Officials at odds over impact of new Concord women’s prison
Two months before ground is officially broken on a new $38 million women’s prison, state and Concord officials appear at odds over just how much the 225-bed facility will affect the city – notably its social services.
Speaking at a meeting of the Greater Concord Chamber of Commerce on Friday, Assistant Commissioner William McGonagle of the corrections department told a small crowd including Mayor Jim Bouley that the city should not see a dramatic spike in its former-inmate population.
Where an offender goes post-release is influenced less by the location of a prison than by that of a halfway house, and Concord already houses the state’s only female transitional unit, McGonagle said. Women there develop community ties by working locally and meeting area volunteers.
McGonagle noted that women in Goffstown, where the women’s prison is now located, don’t typically stay there once they are paroled.
“They don’t stay in Goffstown, and I don’t believe they will stay here,” McGonagle said. For context, he noted that as of last month there were 70 women on parole through the Concord parole office, and 39 of those lived in the city.
But at the meeting, Bouley dismissed the comparison, saying Concord is larger and offers more low-income services – such as a food pantry and substance abuse and mental health treatment – than Goffstown.
“Everything I’ve heard from the social service community is these women will stay in the community,” Bouley said.
Inmates who are released also have a tendency to commit new crimes within three years – the state’s recidivism rate today is about 42 percent for female offenders alone.
Building the new prison “is absolutely the right thing to do,” Bouley said. But he said the city’s human services budget continues to creep up, and “a lot of it has to do with folks coming out of your facilities and the impact they have here.”
The state operates a men’s prison and two male transitional units, in addition to the women’s halfway house. The new prison will be built behind the men’s facility on North State Street. It is expected to house up to 225 women, with the potential to one day expand to 350. The Goffstown prison houses about 125 women.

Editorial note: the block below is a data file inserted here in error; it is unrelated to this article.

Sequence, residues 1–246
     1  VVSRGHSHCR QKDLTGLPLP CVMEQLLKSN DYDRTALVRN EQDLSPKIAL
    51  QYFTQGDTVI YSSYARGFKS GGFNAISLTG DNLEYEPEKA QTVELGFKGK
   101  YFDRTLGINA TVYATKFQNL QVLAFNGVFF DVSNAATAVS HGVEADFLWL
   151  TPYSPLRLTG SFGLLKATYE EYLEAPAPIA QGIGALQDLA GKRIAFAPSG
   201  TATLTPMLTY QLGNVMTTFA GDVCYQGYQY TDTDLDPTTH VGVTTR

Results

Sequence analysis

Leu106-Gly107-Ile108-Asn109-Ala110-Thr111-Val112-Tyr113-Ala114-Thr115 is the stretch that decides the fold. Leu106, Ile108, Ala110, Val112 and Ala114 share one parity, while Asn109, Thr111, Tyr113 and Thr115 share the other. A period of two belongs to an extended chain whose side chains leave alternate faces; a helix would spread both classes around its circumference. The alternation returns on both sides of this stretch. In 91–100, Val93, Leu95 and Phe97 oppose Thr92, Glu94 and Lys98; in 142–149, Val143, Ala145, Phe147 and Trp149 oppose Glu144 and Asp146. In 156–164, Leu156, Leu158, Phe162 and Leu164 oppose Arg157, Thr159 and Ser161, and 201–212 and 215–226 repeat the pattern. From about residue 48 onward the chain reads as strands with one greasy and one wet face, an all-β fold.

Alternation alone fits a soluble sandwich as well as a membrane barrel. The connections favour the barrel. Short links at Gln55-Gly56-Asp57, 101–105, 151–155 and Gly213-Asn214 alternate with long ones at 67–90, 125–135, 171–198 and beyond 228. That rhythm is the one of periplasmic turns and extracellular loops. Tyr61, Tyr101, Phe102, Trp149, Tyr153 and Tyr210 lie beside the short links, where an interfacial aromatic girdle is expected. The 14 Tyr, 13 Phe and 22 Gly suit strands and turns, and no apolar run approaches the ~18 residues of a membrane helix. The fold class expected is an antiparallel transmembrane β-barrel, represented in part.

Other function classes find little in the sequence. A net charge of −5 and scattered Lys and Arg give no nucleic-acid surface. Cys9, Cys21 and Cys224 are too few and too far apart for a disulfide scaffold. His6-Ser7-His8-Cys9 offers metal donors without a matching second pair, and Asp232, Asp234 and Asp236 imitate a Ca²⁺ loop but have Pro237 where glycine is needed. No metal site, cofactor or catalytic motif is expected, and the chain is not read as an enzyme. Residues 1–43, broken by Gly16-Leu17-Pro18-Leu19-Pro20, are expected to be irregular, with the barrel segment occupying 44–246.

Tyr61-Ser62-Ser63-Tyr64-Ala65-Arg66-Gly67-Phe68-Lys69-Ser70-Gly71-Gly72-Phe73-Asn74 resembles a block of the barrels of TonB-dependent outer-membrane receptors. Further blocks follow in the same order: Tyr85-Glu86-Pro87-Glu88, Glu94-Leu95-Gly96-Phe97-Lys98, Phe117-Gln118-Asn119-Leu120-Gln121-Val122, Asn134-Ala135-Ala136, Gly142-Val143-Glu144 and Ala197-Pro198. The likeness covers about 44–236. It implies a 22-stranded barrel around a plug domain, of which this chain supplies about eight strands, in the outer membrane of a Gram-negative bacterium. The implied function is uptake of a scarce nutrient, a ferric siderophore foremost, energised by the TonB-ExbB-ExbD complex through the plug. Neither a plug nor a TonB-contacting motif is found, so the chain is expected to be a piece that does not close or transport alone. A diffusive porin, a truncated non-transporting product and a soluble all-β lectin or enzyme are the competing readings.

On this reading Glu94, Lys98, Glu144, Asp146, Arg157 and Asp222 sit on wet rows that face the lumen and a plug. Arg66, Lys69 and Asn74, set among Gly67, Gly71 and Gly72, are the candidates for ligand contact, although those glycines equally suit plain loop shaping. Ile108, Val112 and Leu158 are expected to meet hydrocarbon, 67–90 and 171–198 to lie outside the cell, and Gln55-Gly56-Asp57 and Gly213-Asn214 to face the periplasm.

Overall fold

McGonagle has said the added beds could be used to house inmates who are presently out of state or at the halfway house because of overcrowding at Goffstown. It could also be used to take in out-of-state offenders.
The department has yet to say how large a staff it plans to employ at the new facility; that will depend on how much money legislators assign it during next year’s budget negotiations.
McGonagle acknowledged that many of the men stay in Concord, but he said that is partly due to the same halfway house influence and partly due to subtle differences between male and female offenders. Female offenders tend to have strong family and other personal connections, he said.
So when asked by Bouley how the city should prepare for the prison, set to open in fall 2016, he replied, “It’s not an easy question to answer, Jim. I don’t know what to say in terms of how to plan. I just don’t see (the women’s prison) as increasing your demands in any kind of substantial way.”
Bouley stressed after the meeting that his office and the corrections department have been working well together. Going forward, he said, the city’s job will be to closely monitor what, if any, strain the new facility places on local providers – and if it does, to then seek out more money from the state.
“There’s going to be a learning curve,” Bouley said. “And hopefully (the state) will really fund those services to get the people back out into the community in a healthy way.”
(Jeremy Blackman can be reached at 369-3319, email@example.com or on Twitter @JBlackmanCM.)
Correction: An earlier version misstated the number of female parolees as of last month. There were 70 parolees supervised through the Concord field office, not in the entire state. There are actually nearly 270 female parolees in the state, according to corrections spokesman Jeff Lyons. Also, to clarify, McGonagle did not say during Friday’s meeting that the new facility could be used to house out-of-state offenders. But that has not been ruled out as a possibility, Lyons said.